Friday, August 21, 2020

Organizing in the South is on the rise - campus workers in Tenn., Miss., and Ga., meatpacking workers in the Carolinas and Georgia, poultry workers in Arkansas, and nurses in North Carolina

(A CIO recruiting poster from the 1930s)

Double-digit unemployment, widespread protests in the street, homeless camps spreading across the nation’s cities, governmental ineptitude embodied in Republican intransigence and a compromised Democratic Party, and a clueless president. Such were the early days of the Great Depression, but sadly it’s also reality in America today.

Change came out of all those troubles back in the 1930s. Franklin D. Roosevelt replaced inept Herbert Hoover in the White House and found himself pushed ever farther to the left by the failure of his first New Deal, the rise of populist Huey Long in Louisiana, and the growth of labor unions in what became the greatest social justice movement of that day. FDR came back with a second New Deal in 1935 that created the Works Progress Administration and Social Security. The Wagner Act that same year made unions a guaranteed right.

Much like the situation in the 1930s, nowhere are the political and economic failures of modern-day American capitalism greater than in the U.S. South, where a monolith of Republican governors and legislatures have proven themselves completely incapable of dealing with the Covid-19 pandemic and the accompanying economic collapse. In Mississippi, Republican Gov. Tate Reeves apes his hero, Donald Trump, in insisting on school openings even as coronavirus cases rise exponentially across the state. He even boasted recently of allowing college football to continue despite other college conferences shutting it down.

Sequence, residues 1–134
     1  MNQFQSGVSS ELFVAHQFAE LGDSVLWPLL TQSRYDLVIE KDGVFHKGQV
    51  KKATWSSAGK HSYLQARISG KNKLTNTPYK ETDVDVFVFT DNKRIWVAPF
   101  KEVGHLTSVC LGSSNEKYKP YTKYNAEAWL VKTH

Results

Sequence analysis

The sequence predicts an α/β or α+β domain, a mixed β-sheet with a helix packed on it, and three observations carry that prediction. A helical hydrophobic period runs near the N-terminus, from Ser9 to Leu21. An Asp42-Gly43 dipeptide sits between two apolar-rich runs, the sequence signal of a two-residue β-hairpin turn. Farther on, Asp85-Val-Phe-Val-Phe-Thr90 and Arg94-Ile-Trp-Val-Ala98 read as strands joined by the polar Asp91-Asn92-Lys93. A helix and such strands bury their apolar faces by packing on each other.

Back in the 1930s, Southern political leaders, all of them Democrats then, did their best to keep FDR’s social directives at bay when they affected their most prized constituents’ billfolds. They made sure new labor laws asserting union rights didn’t apply to farm workers. They kept civil rights legislation off the books and black Americans the nation’s lowest paid. They worked with textile and other industries to keep the South the nation’s least unionized, and they made sure that the region stayed what Roosevelt called “the nation’s number one economic problem.”

It still is.

The good news is that signs of a rising labor consciousness in the South are showing up across the region, a topic of discussion at a panel titled “Perspectives on Union Organizing Today” held August 4 by the United Campus Workers (UCW)/Communications Workers of America (CWA), Local 3565 via Zoom out of Hattiesburg, Mississippi.

United Campus Workers win in Tennessee, organize in Mississippi, Louisiana and Texas

I am a member of UCW Local 3565 and served as a panelist, and participants were happy when I told them I was going to talk about labor successes in the South, a topic never discussed in history courses, whether in high school or college, and rarely from a political podium.

The UCW itself is part of the “success story” with its work in successfully preventing Tennessee’s Republican governor from privatizing most jobs in the state’s universities in 2017. The union has since seen its membership grow across the region, including not only Mississippi but also Louisiana and Georgia.